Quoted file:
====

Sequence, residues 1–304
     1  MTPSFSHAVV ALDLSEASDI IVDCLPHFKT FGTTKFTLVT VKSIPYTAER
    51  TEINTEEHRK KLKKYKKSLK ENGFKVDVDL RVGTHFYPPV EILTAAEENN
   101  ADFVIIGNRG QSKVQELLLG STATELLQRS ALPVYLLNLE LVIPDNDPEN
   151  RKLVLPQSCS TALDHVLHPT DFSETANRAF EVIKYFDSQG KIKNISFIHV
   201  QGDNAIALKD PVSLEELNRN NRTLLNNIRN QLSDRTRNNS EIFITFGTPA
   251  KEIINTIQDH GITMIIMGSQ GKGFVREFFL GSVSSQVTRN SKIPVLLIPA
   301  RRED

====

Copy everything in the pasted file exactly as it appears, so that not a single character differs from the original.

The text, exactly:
Sequence, residues 1–304
     1  MTPSFSHAVV ALDLSEASDI IVDCLPHFKT FGTTKFTLVT VKSIPYTAER
    51  TEINTEEHRK KLKKYKKSLK ENGFKVDVDL RVGTHFYPPV EILTAAEENN
   101  ADFVIIGNRG QSKVQELLLG STATELLQRS ALPVYLLNLE LVIPDNDPEN
   151  RKLVLPQSCS TALDHVLHPT DFSETANRAF EVIKYFDSQG KIKNISFIHV
   201  QGDNAIALKD PVSLEELNRN NRTLLNNIRN QLSDRTRNNS EIFITFGTPA
   251  KEIINTIQDH GITMIIMGSQ GKGFVREFFL GSVSSQVTRN SKIPVLLIPA
   301  RRED